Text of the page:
Demanding Obedience vs. Building Respect
Previous generations often emphasized obedience in children as the ideal outcome of parenting. This arose from a hope that children would respond to a parent’s directives, as opposed to having a rebellious attitude. Ideally, however, at the heart of a child who responds to a parent’s instructions is not blind obedience but rather loving respect.
How do we find this balance between obedience and respect? Is balance even possible, or are these two concepts mutually exclusive? Most parents agree: they do not wish to have a child rearing approach that even remotely resembles that of authoritarian dominance. Most don’t want to act like prison guards. And yet, many also feel an approach which values listening, patience, and responsivity will be “soft” and result in children who are entitled, lazy, and spoiled.
Positive parental attention and strong boundaries guide children’s behavior toward cooperation. When a child’s emotions and needs are validated by his parent the child can trust that his parent recognizes the challenge of the situation and will remain alongside him within that challenge. Validation leads the child’s mind to then more easily shift into solution-seeking behavior independently without the need for the parent to tell or demand the child to respond in a certain way.
Though parents may not be thrilled with the solution the child has found, validation allows for the avoidance of a power struggle. The opportunity for more teaching between parent and child exists. The key, however, is that the child begins to find solutions to his or her aggravating problems with loving and firm guidance, rather than only listening for directives from authorities. Children are taught to think through and consider the consequences of their actions rather than just react to make their parents happy.
“Being a good parent does not mean your child acts the way you want all day, every day, in all situations,” says Holly Schweitzer Dunn, LISW. Far too often, parents use their children’s behavior as a measuring stick for their own parental abilities rather than allowing them to simply reflect the moment or situation in which the child is living. Even good parents have children who make mistakes, push boundaries, and misbehave. This is often far more reflective of the child’s developmental stage, personality, and the very human experience of overcoming obstacles than it is about “soft” parenting.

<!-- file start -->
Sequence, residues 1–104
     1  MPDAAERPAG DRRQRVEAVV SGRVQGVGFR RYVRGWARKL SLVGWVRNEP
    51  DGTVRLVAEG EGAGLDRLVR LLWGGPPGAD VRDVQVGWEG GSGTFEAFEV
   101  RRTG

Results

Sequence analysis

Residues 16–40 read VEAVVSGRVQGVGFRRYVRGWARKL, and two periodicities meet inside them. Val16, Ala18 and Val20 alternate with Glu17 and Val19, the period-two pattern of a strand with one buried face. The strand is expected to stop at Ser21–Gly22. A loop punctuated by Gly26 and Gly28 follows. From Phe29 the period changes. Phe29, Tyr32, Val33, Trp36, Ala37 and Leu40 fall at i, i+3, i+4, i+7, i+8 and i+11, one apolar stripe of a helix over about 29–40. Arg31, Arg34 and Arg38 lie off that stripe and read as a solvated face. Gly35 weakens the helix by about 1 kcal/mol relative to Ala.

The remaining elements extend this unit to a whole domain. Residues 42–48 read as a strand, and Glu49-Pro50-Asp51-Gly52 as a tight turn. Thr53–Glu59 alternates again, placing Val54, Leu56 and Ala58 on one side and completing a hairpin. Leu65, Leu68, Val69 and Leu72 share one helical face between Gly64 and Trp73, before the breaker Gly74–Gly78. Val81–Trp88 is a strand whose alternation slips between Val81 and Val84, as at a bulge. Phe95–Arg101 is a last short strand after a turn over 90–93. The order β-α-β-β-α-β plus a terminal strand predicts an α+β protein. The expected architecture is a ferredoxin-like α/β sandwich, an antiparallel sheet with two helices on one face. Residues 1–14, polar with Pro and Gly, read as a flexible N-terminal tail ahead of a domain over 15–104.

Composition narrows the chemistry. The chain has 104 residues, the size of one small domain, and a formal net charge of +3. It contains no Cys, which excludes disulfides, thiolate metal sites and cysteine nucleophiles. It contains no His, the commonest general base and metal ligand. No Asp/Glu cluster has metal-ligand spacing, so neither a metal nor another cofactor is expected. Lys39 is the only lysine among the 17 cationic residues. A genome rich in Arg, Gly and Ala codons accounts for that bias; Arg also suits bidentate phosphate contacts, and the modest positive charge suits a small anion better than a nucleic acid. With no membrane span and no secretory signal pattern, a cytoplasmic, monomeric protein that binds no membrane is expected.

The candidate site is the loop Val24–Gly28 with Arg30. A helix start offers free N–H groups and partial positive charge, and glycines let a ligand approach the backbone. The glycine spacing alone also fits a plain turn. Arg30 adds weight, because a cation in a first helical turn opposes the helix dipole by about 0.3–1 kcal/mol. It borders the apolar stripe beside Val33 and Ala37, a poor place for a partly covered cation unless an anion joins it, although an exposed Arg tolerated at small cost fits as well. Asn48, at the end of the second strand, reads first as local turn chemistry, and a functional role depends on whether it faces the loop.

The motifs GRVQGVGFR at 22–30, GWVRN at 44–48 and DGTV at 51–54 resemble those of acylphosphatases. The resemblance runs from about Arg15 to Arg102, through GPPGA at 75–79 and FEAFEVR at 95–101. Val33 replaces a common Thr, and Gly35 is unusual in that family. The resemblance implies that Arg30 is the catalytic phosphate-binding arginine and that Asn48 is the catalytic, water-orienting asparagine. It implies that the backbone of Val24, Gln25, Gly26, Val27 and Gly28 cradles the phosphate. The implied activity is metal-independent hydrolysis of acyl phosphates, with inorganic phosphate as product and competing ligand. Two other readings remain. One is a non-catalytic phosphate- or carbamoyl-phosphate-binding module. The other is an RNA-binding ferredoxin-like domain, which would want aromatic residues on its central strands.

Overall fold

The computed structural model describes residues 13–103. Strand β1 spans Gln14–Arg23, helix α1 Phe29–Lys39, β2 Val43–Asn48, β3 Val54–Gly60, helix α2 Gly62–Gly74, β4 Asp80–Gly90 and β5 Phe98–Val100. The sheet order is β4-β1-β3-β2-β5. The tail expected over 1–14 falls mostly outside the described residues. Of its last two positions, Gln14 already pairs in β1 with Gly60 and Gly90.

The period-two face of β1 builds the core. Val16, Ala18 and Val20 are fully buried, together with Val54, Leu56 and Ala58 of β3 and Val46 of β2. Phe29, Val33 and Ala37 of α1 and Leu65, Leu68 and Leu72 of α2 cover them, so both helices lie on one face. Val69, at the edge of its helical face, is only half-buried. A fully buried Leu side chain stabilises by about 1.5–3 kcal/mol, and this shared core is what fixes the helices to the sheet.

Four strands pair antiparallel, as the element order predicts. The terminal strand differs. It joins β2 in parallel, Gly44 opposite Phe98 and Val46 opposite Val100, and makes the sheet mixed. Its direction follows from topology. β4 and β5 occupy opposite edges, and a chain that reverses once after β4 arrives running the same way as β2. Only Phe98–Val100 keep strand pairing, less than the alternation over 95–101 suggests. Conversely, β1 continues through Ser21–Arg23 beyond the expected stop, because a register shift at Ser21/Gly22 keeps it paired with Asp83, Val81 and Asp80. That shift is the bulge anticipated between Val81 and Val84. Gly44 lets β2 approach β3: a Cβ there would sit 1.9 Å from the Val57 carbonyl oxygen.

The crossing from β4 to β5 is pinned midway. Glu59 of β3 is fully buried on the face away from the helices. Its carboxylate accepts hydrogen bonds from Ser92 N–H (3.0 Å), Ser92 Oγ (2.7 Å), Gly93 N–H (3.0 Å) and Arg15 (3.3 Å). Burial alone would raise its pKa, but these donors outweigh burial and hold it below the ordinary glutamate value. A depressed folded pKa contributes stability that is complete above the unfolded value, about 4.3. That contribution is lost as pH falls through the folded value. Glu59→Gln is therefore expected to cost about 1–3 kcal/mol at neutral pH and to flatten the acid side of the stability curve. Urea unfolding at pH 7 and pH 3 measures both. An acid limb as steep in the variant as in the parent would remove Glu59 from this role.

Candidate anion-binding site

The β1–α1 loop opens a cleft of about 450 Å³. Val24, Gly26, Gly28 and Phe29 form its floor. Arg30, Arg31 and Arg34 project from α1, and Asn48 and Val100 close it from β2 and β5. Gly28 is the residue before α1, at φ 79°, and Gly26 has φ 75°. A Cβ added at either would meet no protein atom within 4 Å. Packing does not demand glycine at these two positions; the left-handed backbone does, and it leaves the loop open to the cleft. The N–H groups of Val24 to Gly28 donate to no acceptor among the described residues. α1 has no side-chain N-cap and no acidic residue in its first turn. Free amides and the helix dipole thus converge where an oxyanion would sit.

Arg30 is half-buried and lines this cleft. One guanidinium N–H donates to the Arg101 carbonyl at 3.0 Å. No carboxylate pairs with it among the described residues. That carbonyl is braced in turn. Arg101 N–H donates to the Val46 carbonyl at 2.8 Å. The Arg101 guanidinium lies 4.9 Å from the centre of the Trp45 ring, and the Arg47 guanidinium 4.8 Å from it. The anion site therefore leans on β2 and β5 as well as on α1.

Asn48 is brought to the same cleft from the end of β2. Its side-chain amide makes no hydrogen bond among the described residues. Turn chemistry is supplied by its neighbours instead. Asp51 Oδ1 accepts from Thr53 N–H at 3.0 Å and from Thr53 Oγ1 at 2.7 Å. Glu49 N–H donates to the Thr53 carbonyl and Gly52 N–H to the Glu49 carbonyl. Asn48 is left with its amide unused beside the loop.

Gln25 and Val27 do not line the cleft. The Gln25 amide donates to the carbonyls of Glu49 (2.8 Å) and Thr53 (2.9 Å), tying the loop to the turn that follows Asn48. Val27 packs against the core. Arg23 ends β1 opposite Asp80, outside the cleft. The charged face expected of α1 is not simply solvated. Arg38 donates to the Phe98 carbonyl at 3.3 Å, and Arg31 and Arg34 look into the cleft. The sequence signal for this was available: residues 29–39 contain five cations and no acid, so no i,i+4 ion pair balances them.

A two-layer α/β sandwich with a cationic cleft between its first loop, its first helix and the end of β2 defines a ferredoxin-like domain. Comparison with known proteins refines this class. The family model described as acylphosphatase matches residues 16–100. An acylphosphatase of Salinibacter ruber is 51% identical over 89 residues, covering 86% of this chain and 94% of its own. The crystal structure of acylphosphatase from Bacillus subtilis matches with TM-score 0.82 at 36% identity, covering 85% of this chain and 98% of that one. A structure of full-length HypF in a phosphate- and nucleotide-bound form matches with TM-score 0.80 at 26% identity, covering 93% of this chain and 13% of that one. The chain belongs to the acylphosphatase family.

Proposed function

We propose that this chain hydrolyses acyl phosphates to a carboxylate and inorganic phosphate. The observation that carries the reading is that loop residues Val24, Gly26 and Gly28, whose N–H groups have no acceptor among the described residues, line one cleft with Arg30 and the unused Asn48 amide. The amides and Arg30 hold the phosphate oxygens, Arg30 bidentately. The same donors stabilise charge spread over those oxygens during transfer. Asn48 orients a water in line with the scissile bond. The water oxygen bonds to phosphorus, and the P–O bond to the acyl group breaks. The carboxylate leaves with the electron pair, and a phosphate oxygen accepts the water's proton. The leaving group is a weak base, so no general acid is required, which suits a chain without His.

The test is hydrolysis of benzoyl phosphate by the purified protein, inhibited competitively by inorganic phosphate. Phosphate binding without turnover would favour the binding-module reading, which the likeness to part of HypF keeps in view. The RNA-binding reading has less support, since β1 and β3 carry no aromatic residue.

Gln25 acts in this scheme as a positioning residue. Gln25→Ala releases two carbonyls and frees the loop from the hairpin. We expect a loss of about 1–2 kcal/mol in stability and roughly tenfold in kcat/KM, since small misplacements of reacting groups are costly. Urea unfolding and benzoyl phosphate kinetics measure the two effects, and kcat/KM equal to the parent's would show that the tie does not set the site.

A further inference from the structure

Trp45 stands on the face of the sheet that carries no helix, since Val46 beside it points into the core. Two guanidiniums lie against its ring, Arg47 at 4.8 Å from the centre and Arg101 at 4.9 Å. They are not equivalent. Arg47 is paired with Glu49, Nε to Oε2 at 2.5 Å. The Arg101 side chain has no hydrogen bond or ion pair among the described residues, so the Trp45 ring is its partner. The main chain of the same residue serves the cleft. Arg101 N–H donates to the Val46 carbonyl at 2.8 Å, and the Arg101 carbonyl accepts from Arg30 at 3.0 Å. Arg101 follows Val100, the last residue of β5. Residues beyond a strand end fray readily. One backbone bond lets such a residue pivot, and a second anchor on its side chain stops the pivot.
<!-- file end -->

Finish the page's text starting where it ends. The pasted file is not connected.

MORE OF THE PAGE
Parents desire a trusting and mutually respectful relationship with their children that includes children responding to parental directives without questioning parental intentions. However, we must remember that children, in health, question everything as a means to learning. We see this behavior from infancy through adolescence: the baby putting dirt in her mouth to learn what is edible and what is not, the child questioning why he must go to bed at a certain time when he is not yet tired, the teenager questioning how far she can test her curfew boundaries. Parents can honor children’s attempts to learn by taking their own inquisitive posture to power struggles within family dynamics.
A few practices that could be helpful when exploring respect:
- Utilize your own “beginner’s mind” to ask questions about the situation rather than casting judgment upon your children. Why is this important to my children? What is my role in this situation?
- Cast a sense of respect toward yourself. Honor your own emotional limits, and when needed, take a break – tap out to your partner or give enough energy to diffuse the situation and return to it when you have more emotional capacity.
- Teach children what respect looks like by offering it to them. Respect their capabilities by not asking more of them than their development allows. Model how respect is given and received, and in this, how relationships are reciprocal.
- Validate, and then move toward solutions. Avoid jumping directly into a role of telling children what to do, but rather helping them think and consider outcomes for facing the challenges ahead of them.